There are many welcome recommendations for care leavers including:

  • making virtual school heads accountable for care leavers up to the age of 25;
  • introducing a kite mark for higher education and an apprenticeship bursary for care leavers;
  • a refreshed Care Leaver Covenant and government accreditation scheme for employers that recognises commitment to supporting care leavers into jobs;
  • making Staying Put and Staying Close a legal entitlement up to the age of 25;
  • addressing homelessness by removing the local area connection test and ending intentionally homelessness practice,
  • providing a rent guarantor scheme and
  • Increasing the leaving care grant to £2,438 for care experienced people.

Through New Belongings we have done some work on how to address the challenges of offering job opportunities to care leavers in local authorities which we will publish in the autumn.

Mental health support

We also welcome the commitment to mental health support. Emotional health and well-being was the top issue that young people wanted our A National Voice ambassadors to campaign on this year. In its response to the case for change ANV highlighted the need for more training to understand the needs of young people including mental health needs. We welcome the recommendations to upskill professionals including training for foster carers as well as personal advisors, advocates and independent visitors. We also welcome the proposed introduction of multidisciplinary models that would embed physical and mental health specialists within teams supporting children in care and care leavers.

Relationships with siblings and friends

The review recognises that relationships are paramount, but the focus of the report is primarily on children’s relationships with adults. We welcome the focus on the importance of trusted adults, including scope to explore how they may be able to stay in children’s lives as carers. We also welcome the new family finding services up to 25 to support children in care and care leavers to identify and maintain links with the people who are important in their lives. This type of support is a key recommendation in our upcoming Staying Connected report (Selwyn et al, upcoming) Children and young people have also told us that the instability in their lives makes it more difficult to retain relationships with peers and we agree with the review that increasing stability and seeking to support children to stay in their local communities will have a positive impact on this relationships. We would like the reform programme to go further in putting more emphasis on relationships with friends and brothers and sisters as the important people who can provide the long-term loving relationships that the review seeks to ensure for all young people who leave care. For care leavers friends are the most commonly reported source of emotional support (Briheim-Crookall et al, 2020)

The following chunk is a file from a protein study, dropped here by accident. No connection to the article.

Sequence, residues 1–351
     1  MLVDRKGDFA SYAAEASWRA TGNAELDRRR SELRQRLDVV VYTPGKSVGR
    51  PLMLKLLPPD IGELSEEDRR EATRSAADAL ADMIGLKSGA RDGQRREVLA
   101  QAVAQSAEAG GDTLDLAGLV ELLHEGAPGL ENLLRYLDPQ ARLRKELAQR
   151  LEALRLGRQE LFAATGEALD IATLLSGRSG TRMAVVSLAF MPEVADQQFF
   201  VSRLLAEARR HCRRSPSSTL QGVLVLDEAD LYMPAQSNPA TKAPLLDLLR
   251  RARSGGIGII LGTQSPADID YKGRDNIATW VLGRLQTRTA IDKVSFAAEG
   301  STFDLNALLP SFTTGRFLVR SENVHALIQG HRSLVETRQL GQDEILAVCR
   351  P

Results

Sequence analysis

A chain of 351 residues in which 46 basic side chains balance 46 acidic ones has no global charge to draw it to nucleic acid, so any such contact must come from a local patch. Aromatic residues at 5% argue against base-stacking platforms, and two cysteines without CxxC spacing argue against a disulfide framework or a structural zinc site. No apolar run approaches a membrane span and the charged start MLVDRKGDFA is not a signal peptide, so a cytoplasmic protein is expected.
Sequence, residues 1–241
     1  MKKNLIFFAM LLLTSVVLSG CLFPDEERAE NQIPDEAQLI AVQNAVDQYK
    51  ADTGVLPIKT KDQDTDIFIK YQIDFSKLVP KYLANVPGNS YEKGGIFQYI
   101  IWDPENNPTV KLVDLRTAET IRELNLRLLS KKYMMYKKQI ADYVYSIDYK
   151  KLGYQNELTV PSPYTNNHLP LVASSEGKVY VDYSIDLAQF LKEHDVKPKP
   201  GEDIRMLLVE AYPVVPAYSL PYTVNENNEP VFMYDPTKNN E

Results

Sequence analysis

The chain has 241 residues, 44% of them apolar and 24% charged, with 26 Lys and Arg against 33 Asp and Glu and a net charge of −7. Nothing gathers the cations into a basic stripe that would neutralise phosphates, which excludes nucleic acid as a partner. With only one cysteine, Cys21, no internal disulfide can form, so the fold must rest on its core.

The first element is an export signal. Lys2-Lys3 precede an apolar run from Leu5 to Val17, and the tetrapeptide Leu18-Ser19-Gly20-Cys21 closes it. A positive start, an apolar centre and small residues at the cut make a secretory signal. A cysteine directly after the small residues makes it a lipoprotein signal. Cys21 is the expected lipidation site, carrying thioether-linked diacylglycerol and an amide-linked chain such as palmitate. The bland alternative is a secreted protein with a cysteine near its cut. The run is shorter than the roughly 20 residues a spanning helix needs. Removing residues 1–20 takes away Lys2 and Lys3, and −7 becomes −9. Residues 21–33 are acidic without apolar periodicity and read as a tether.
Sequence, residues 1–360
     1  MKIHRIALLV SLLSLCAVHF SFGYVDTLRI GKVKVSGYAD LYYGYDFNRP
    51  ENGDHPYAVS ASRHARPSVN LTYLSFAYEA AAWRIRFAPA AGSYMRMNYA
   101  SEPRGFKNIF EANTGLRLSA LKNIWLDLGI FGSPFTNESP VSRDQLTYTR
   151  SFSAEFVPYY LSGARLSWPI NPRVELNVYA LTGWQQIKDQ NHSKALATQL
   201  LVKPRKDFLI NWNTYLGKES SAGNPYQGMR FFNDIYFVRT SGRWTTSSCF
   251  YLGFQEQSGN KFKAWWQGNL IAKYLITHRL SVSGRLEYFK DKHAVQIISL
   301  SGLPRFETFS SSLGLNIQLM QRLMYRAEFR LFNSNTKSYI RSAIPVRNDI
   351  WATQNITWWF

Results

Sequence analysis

As we will show in our upcoming Staying Connected report, having the opportunity to spend time with birth family is important to many children in care’s well-being. However, it is not whether or not contact is happening that is important to well-being, but whether children feel the amount of contact is right for them (Selwyn et al, upcoming). This will be an important issue that expanded advocacy services can make sure children have the opportunity to have a say in. It is welcome that the report highlights the impact of adoption and focuses on contact arrangements with birth parents. Many children who have participated in the Bright Spots programme wrote about being separated from their siblings through adoption (Selwyn et al, upcoming), it would be important to consider how the connection with brothers and sisters can be maintained for children who are adopted as well as birth parents.

Collecting the right evidence

We support the call in the review to develop indicators alongside the objectives and outcomes set out in the new National Children’s Social Care Framework. We believe that these should include feedback from children and families as suggested. Children and young people should not just be asked about their satisfaction with services but how they feel about their lives – do they feel safe, happy and think that they are doing well? Whilst the Bright Spots programme is not currently a set of national transparent measures its indicators, which have been developed with young people to measure what they feel makes their lives good, will be very important in informing what should and could be measured.

Moving forward

Coram Voice will continue to explore the implications of the review with staff and young people. A National Voice are sharing the report with children in care and care leavers and gathering their reactions, whilst all staff are meeting at the beginning of June to review some of the detail of the report together. We look forward to working with the sector and Government to make the most of this opportunity to rethink children’s social care and make sure that the system truly does support children and young people to flourish. Participation of children and young people themselves has been key throughout the review and we hope that the Government continues this engagement throughout the reform programme. It is important that children and young people’s experience remains at the centre throughout this period of fundamental change.